Shira Segal

Shira Segal

Lecturer in Film Studies and Director, Film Studies Minor
Art & Art History


FA 323
Shira Segal

Areas of Expertise: Avant-Garde Cinema, Documentary Film, Cultural Memory, Gender Studies

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Shira Segal is Lecturer in Film Studies and Director of Film Studies Minor in the Dept. of Art and Art History. She is a documentary, avant-garde, and experimental film scholar who holds a Ph.D. in Film and Media Studies and a minor in American Studies from Indiana University and a Master's in Cultural Memory from the University of London. Her interdisciplinary approach intersects film history, theory, and practice with contemporary image-making practices, gender studies, and memory studies across her research and teaching.

Segal’s dissertation, Home Movies and Home Birth: The Avant-garde Childbirth Film and Pregnancy in New Media, provides a cultural and aesthetic history of alternative film and media practices surrounding the maternal body over the past sixty years. Influenced by her studies with experimental filmmaker Stan Brakhage and by his birth films in particular, Segal situates the avant-garde chidlbirth film as a filmic dialogue in relation to contested notions of art, the politics of embodiment, and the role of the cinematic apparatus in representations of a gendered self and other on screen. This project includes archival research and personal interviews with filmmakers and their subjects.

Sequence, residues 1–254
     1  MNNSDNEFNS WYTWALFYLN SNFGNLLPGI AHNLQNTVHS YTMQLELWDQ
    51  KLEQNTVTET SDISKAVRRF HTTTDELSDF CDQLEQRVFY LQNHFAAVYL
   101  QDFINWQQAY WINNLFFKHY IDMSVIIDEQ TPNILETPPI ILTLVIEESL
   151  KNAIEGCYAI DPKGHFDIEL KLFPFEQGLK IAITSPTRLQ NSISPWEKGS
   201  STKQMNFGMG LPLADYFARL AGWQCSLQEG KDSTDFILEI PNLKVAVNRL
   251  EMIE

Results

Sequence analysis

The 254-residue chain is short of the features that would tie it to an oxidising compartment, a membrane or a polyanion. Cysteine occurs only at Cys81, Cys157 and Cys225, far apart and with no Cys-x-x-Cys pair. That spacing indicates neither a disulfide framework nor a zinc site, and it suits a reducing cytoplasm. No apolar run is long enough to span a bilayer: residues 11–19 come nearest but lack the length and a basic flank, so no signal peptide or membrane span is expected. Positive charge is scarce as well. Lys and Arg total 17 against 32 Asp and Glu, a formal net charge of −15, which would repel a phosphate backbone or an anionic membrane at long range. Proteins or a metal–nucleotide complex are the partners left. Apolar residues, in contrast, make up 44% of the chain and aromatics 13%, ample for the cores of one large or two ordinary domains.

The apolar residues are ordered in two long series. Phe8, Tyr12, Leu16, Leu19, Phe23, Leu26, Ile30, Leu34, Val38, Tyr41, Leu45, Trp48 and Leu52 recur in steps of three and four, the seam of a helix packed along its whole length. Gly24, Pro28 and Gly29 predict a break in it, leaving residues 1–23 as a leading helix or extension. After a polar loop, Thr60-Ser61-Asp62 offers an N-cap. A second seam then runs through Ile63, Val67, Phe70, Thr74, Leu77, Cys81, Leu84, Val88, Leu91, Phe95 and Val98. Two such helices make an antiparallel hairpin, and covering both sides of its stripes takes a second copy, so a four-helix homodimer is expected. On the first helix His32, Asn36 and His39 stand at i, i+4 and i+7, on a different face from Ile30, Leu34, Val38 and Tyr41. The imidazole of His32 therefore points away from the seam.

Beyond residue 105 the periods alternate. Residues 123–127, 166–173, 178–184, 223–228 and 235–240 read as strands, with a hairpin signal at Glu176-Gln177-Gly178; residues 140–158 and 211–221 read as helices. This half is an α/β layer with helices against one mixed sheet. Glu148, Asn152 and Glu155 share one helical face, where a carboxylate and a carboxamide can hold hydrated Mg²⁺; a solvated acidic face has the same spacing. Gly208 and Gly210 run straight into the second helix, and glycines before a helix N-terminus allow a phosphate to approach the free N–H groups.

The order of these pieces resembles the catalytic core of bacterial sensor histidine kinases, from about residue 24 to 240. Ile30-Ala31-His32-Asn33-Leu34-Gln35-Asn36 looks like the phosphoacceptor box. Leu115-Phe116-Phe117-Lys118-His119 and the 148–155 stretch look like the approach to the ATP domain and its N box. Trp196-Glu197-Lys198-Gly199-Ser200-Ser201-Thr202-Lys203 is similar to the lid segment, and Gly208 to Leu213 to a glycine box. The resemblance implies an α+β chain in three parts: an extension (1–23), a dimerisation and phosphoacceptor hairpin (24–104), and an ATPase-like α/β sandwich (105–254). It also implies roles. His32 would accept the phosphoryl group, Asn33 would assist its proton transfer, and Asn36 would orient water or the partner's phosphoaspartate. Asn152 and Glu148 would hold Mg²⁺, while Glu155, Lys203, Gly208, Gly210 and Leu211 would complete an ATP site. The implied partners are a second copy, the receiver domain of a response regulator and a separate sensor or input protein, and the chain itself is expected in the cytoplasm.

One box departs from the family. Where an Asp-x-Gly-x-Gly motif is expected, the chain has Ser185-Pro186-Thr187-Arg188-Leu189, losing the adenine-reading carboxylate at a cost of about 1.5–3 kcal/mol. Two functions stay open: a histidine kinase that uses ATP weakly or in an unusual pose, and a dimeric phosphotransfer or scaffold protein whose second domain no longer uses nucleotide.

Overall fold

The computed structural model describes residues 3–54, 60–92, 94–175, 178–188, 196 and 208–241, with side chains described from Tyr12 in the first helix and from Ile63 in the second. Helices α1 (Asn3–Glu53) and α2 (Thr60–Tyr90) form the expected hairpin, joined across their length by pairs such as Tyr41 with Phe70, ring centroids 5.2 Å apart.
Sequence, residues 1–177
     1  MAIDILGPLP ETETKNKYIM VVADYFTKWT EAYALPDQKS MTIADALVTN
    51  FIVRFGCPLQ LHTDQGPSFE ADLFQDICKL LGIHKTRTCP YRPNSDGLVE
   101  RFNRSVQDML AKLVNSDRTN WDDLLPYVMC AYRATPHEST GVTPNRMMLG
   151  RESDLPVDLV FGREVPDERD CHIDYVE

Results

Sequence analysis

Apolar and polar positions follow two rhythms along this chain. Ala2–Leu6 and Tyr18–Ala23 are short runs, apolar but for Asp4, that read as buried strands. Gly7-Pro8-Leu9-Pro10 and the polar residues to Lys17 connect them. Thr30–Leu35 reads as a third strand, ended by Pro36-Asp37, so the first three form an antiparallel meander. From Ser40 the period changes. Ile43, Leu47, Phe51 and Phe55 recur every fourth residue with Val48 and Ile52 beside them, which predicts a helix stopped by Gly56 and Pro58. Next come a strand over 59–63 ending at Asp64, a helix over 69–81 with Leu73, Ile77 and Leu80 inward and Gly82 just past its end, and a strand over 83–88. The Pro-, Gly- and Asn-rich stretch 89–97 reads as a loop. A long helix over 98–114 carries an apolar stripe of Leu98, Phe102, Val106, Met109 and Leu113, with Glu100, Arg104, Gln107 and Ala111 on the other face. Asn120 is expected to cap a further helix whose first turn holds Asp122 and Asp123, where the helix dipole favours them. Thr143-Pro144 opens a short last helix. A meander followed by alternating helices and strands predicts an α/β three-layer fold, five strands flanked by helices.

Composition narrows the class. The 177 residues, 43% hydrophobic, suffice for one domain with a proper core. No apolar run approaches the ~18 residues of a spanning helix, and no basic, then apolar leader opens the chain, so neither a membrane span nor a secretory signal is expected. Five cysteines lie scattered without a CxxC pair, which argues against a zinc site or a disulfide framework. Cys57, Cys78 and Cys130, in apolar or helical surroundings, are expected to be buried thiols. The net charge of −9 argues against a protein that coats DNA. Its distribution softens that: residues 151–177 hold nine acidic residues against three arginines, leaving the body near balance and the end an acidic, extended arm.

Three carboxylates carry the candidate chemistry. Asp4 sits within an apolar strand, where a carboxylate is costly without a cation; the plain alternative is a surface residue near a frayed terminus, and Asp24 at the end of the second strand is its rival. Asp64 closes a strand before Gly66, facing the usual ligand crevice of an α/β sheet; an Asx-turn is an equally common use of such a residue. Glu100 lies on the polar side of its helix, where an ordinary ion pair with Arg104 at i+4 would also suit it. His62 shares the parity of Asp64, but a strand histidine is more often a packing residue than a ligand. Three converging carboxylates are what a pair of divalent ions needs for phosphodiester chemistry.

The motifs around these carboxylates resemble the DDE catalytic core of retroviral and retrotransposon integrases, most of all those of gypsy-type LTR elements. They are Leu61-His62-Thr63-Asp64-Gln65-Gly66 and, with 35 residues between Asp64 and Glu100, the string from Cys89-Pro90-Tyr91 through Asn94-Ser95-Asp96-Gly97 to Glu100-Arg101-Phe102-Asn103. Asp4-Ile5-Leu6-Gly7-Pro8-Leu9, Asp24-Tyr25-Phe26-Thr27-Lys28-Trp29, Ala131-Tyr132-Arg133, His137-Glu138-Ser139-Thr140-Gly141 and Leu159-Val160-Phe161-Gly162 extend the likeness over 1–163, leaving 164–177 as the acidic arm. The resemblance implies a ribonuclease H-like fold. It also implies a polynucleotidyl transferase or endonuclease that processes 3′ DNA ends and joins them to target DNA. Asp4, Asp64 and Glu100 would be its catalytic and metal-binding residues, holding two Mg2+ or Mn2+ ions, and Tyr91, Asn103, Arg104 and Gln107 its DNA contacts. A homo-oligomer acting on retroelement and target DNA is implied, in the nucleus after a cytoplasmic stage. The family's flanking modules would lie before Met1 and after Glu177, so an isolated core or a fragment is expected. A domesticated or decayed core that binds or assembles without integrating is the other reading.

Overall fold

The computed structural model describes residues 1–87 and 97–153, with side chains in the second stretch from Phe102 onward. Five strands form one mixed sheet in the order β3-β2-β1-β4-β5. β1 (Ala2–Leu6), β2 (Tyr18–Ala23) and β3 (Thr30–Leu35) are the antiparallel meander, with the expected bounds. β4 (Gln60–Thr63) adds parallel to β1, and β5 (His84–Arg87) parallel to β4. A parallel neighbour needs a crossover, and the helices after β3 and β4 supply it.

Other research projects include The Embodied Camera: Strategies of the Self in Avant-garde Film and First Person Fe/Male: Gender and Identity in Autobiographical Cinema in which Segal examines the embodied camera as a visual strategy of the self for documentary and avant-garde filmmakers as well as for amateur image-makers on the Internet. These projects investigate the dynamics between gender, technology, and aesthetics in personal, first person cinema and diary filmmaking practices that effectively blend the filmmaker and film subject with the medium itself, thereby raise ontological questions surrounding the cinematic apparatus, gender performativity, and the representation of a complex, autobiographical self on screen.

Other projects have included grant-work for the Photography Book Museum and its anticipated Archive of Vision online, research with the James Stanley Brakhage collection and the Brakhage Center for Media Arts as a Visiting Scholar and Visiting Assistant Professor at the University of Colorado Boulder, as well as curriculum development such as Poetry and Cinema, Landscape in Film, First Person Cinema, and Cultural Memory and Film. She teaches a wide range of Film and Media Studies courses.